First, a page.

EDITORIAL: Lockdown is no time for government to keep SA in the dark
The government needs to play open cards with the public as we muddle through the lockdown
Six weeks ago, on the day SA entered the first three-week lockdown period aimed at containing the spread of the coronavirus, this newspaper expressed the hope that common sense would prevail in the way the regulations imposed in terms of the newly proclaimed state of disaster were managed.
Alas, within a few weeks we were bemoaning trade & industry minister Ebrahim Patel’s nonsensical and high-handed ban on the sale of hot cooked food, despite there being no basis in either law or the emergency regulations to do so. The regulations were subsequently amended to conform with Patel’s decree, but the government was never moved to explain why it was so important that the sale of hot food should be verboten.
Suspicion that the government sees no need to get the public’s buy-in on such seemingly arbitrary restrictions of their basic rights were confirmed with the debacle over the ban on cigarette sales. The government leapt to co-operative governance minister Nkosazana Dlamini-Zuma’s defence when she was roundly criticised for “overruling” President Cyril Ramaphosa, who had earlier said cigarettes would go back on sale when SA moved to lockdown level 4.
However, with Ramaphosa’s eventual indignant explanation that the about-turn was a “collective decision” based on the advice of the National Command Council, the point was missed that the government had made little effort to explain why it believed such a ban to be in the public interest. It still hasn’t, even though few other countries have seen fit to ban cigarette sales, and contradictory evidence has emerged that points to nicotine actually reducing the risk of Covid-19 infection.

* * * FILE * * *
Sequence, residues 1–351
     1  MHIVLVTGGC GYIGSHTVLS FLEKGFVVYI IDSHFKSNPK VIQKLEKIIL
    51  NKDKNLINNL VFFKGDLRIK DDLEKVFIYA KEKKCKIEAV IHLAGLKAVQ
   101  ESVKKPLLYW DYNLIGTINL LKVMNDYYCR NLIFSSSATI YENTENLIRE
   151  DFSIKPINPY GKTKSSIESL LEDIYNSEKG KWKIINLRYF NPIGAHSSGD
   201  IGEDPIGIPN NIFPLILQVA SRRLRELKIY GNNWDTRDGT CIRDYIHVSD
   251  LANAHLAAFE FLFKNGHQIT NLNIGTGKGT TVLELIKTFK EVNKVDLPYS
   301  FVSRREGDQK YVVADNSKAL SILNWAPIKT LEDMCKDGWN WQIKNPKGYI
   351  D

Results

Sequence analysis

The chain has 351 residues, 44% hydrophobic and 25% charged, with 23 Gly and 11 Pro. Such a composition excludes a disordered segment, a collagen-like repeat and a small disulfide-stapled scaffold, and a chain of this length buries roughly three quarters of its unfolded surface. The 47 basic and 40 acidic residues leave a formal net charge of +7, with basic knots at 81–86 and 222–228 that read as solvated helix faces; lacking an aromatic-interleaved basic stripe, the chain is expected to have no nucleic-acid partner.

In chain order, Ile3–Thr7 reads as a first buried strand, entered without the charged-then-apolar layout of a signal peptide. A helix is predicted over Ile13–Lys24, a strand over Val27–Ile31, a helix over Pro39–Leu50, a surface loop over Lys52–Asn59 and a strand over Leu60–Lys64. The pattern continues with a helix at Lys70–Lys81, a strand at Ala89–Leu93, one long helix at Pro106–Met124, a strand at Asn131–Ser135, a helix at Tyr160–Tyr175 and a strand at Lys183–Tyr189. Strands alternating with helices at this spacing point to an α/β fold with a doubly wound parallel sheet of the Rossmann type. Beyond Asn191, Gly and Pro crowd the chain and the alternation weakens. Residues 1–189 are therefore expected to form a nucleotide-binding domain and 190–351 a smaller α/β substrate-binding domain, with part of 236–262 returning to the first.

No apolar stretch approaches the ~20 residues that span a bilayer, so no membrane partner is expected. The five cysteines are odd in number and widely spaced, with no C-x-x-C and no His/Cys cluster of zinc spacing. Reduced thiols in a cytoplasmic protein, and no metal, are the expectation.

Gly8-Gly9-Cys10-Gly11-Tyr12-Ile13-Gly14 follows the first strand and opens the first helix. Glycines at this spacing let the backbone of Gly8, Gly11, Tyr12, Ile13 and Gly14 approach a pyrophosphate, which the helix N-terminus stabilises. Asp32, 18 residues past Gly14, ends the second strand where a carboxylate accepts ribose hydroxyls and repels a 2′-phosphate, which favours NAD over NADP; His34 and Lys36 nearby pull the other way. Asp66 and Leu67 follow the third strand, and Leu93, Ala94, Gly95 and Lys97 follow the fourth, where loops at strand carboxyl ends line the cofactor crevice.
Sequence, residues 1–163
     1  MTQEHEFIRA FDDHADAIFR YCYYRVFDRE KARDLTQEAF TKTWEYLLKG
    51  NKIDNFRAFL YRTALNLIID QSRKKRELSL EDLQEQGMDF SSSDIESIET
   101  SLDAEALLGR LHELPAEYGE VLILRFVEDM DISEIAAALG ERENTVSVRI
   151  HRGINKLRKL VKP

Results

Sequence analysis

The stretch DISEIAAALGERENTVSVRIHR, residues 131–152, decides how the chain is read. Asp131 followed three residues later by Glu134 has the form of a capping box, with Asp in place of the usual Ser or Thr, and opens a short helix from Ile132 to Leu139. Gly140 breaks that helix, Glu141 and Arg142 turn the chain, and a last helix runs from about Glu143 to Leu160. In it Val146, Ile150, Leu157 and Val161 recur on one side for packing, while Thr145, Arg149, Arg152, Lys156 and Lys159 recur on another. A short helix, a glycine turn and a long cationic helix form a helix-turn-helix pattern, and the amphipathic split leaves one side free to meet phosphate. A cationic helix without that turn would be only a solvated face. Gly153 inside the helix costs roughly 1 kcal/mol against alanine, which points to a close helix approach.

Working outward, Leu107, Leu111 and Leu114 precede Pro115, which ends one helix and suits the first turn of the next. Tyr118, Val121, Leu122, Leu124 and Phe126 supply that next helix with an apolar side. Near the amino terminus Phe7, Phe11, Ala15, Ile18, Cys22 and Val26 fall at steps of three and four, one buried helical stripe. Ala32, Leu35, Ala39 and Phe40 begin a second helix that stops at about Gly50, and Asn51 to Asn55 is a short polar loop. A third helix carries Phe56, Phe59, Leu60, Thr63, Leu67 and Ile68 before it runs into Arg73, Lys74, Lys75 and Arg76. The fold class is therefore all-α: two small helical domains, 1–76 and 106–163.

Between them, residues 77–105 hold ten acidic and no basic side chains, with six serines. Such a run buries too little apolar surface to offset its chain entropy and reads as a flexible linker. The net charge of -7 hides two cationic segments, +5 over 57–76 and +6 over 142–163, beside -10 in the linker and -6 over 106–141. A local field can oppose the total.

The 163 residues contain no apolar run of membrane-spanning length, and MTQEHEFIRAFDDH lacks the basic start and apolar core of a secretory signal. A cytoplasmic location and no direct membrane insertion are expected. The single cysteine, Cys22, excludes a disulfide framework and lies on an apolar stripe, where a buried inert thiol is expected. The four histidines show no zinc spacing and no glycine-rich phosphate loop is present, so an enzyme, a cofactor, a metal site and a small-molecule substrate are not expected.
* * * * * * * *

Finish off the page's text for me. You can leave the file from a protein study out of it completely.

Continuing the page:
This curious reluctance to play open cards with the public has also characterised the government’s decision to tie state financial relief for companies crippled by the Covid-19 lockdown to racial criteria. Ministers have repeatedly contradicted one another, indicating that the decision was, at least initially, certainly not a “collective” one, and that it was by no means unanimous either. Indeed, finance minister Tito Mboweni earned the ire of the ANC’s alliance partners earlier in the week when he publicly disagreed with tourism minister Mmamoloko Kubayi-Ngubane’s stance — upheld by the high court — that companies’ BEE standing should be taken into account when distributing the R200m in state relief funding allocated to this particularly hard-hit sector.
The high court decision is to be appealed but may well be upheld since, as judge Jody Kollapen explained in his ruling, BEE ranking is only one criterion to be applied when deciding who qualifies for relief, and white-owned companies can still benefit from state assistance if they tick all the other boxes. But the legalistic approach relied upon by the minister again misses the point. As Mboweni pointed out, the primary goal of distributing relief funds the state can barely afford is to prevent as many businesses as possible from going to the wall, not to further other government policies. An action can be legal, yet morally wrong. The law is sometimes an ass.
It is patently clear that the skin colour of a business’s majority owners should be irrelevant in this instance. What matters at this critical juncture is how many SMMEs can be prevented from going under, and how many jobs can be saved. The fact that the majority of those employed by the white-owned businesses that may now fold unnecessarily are black merely confirms that Kubayi-Ngubane is motivated by politics and ideology rather than common sense and goodwill.
The temptation for the government to use the pandemic to achieve its broader political aims is clearly difficult to resist, but resist it must, because doing so is for the greater good. Mboweni is taking flak within the alliance because he has dared express a personal view that apparently goes against the belated “collective decision”, but his critics should pause to ask themselves why. Could it be that he knows better than any of his cabinet colleagues how senseless it is to play politics in the shadow of the economic storm that is about to hit us all?